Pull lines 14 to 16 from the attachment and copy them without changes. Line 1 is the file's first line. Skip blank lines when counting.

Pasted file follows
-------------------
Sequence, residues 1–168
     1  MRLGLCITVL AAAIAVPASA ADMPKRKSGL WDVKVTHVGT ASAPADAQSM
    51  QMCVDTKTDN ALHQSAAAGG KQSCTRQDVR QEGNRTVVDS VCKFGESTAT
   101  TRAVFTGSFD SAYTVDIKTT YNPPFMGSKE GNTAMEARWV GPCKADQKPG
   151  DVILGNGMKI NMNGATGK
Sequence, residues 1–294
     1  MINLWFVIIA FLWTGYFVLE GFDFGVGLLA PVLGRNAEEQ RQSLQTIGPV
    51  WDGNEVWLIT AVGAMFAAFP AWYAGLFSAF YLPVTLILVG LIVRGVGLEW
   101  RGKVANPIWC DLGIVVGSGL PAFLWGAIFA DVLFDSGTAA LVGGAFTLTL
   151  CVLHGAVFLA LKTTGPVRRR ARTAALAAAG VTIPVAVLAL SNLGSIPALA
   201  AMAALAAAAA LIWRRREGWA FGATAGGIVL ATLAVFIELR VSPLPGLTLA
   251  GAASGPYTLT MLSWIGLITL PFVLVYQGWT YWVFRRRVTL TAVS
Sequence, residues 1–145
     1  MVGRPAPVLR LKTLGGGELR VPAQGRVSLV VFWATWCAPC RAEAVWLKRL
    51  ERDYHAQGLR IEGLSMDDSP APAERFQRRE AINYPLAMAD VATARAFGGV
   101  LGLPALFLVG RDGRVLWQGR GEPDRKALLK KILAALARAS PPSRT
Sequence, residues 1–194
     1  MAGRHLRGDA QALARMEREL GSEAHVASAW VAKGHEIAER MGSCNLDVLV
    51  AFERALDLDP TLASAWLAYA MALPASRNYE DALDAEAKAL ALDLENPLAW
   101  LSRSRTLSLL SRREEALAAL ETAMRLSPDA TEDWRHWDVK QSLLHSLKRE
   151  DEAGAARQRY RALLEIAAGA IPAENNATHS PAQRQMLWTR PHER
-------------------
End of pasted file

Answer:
     1  MVGRPAPVLR LKTLGGGELR VPAQGRVSLV VFWATWCAPC RAEAVWLKRL
    51  ERDYHAQGLR IEGLSMDDSP APAERFQRRE AINYPLAMAD VATARAFGGV
   101  LGLPALFLVG RDGRVLWQGR GEPDRKALLK KILAALARAS PPSRT